Can wildlife vehicle collision be decreased by increasing the number of wildlife passages in Korea?

  • Published source details Choi T. & Park C.H. (2007) Can wildlife vehicle collision be decreased by increasing the number of wildlife passages in Korea? Proceedings of the 2007 International Conference on Ecology and Transportation, Center for Transportation and the Environment, North Carolina State University, Raleigh NC, USA, 392-400.


This study is summarised as evidence for the following.

Action Category

Install tunnels/culverts/underpass under roads

Action Link
Terrestrial Mammal Conservation
  1. Install tunnels/culverts/underpass under roads

    A study in 2004–2006 in an area of rice fields and scattered forest in Jeollanamdo province, South Korea (Choi & Park 2007) found that highway underpasses were used by a range of mammals, though road sections with higher underpass density did not have fewer wildlife-vehicle collisions. Eleven wild mammal species were recorded using underpasses. The most frequent were raccoon dog Nyctereutes procyonoides (865 images), brown rat Rattus norvegicus (455), leopard cat Prionailurus benalensis (253), striped field mouse Apodemus agrarius (229), Siberian weasel Mustela sibirica (166), Eurasian otter Lutra lutra (35) and water deer Hydropotes inermis (32). Ninety-three roadkill mammals of 12 species were recorded. The most frequent were rodents (24 casualties), leopard cat (17), Siberian weasel (13) and water deer (12). Most mammals used all underpass types frequently, except water deer, which rarely used small passages. Use of seven circular culverts (0.8–1.2 m diameter), two box culverts (2.5 m wide and high) and five human underpasses (2.0–4.3 m wide and high), selected from 31 underpasses along a 6.6-km section of four-lane highway, were monitored from September 2005–August 2006. One or two infrared-operated cameras were installed 1–2 m inside each underpass for an average of 239 days/underpass. Wildlife-vehicle collisions were recorded daily from September 2004–August 2006.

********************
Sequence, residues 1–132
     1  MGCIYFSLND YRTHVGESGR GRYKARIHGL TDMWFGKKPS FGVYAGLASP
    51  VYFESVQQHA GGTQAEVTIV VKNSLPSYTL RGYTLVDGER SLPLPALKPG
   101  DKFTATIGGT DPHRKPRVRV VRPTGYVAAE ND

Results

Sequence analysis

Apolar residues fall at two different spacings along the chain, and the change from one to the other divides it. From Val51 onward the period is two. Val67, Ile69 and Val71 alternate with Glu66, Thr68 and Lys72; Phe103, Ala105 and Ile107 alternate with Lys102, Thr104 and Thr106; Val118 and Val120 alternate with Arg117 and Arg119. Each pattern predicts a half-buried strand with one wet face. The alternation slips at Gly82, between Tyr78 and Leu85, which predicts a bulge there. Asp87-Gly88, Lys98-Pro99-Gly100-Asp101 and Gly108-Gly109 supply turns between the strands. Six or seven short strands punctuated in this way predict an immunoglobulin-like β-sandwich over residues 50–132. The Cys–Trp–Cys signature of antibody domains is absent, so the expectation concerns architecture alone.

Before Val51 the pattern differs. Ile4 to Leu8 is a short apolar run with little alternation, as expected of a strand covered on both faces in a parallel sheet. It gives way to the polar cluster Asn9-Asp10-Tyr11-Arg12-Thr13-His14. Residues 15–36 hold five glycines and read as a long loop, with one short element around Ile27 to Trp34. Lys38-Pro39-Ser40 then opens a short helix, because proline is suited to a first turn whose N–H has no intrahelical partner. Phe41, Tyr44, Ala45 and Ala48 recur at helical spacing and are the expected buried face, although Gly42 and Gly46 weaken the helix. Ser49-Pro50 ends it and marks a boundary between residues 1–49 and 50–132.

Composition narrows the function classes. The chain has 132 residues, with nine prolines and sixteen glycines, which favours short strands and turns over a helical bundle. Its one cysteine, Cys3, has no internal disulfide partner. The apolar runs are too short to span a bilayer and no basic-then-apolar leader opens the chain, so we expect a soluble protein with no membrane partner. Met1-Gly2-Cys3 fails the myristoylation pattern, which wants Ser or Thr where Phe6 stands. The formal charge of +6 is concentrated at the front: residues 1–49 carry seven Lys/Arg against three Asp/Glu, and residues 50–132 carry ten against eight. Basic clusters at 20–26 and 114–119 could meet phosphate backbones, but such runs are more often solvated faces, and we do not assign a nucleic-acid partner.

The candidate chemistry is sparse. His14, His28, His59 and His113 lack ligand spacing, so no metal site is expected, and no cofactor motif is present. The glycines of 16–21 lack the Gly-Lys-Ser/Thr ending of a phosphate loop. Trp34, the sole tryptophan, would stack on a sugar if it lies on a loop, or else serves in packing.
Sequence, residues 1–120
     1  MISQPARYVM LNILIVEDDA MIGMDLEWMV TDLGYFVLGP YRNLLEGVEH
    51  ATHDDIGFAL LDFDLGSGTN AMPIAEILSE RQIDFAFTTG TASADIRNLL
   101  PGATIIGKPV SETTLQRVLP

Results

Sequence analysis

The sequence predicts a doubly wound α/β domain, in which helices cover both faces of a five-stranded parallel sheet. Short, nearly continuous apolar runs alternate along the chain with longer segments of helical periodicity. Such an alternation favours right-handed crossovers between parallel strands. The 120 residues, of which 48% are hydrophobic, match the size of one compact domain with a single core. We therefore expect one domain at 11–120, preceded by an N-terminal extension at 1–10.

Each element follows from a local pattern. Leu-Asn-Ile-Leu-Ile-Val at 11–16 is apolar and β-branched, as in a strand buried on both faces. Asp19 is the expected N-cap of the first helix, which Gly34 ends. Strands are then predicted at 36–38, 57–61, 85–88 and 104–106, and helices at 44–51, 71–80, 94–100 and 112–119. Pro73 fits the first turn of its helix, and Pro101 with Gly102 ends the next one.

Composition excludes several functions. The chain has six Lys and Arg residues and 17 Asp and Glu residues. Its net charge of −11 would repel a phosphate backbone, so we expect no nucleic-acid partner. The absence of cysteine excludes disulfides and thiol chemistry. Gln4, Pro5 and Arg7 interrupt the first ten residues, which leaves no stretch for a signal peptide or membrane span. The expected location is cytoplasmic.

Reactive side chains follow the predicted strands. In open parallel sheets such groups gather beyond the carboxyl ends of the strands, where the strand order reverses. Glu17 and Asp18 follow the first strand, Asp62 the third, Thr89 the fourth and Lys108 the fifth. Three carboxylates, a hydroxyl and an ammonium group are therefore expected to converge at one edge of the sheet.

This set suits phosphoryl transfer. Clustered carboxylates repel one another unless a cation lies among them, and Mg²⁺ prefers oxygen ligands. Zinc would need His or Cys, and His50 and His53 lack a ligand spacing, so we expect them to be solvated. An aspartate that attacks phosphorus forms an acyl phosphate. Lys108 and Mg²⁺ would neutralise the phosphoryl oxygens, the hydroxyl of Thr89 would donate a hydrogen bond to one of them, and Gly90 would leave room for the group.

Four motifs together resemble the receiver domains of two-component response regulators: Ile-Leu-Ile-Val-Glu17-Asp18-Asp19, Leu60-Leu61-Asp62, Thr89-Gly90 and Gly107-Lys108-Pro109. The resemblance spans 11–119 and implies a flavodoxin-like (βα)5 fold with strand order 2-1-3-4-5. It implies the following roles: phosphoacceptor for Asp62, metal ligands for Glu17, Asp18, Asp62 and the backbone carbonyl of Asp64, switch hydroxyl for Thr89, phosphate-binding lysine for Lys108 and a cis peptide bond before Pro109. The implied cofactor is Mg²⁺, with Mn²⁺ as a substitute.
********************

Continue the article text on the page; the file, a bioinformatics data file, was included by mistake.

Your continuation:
(Summarised by: Rebecca K. Smith)

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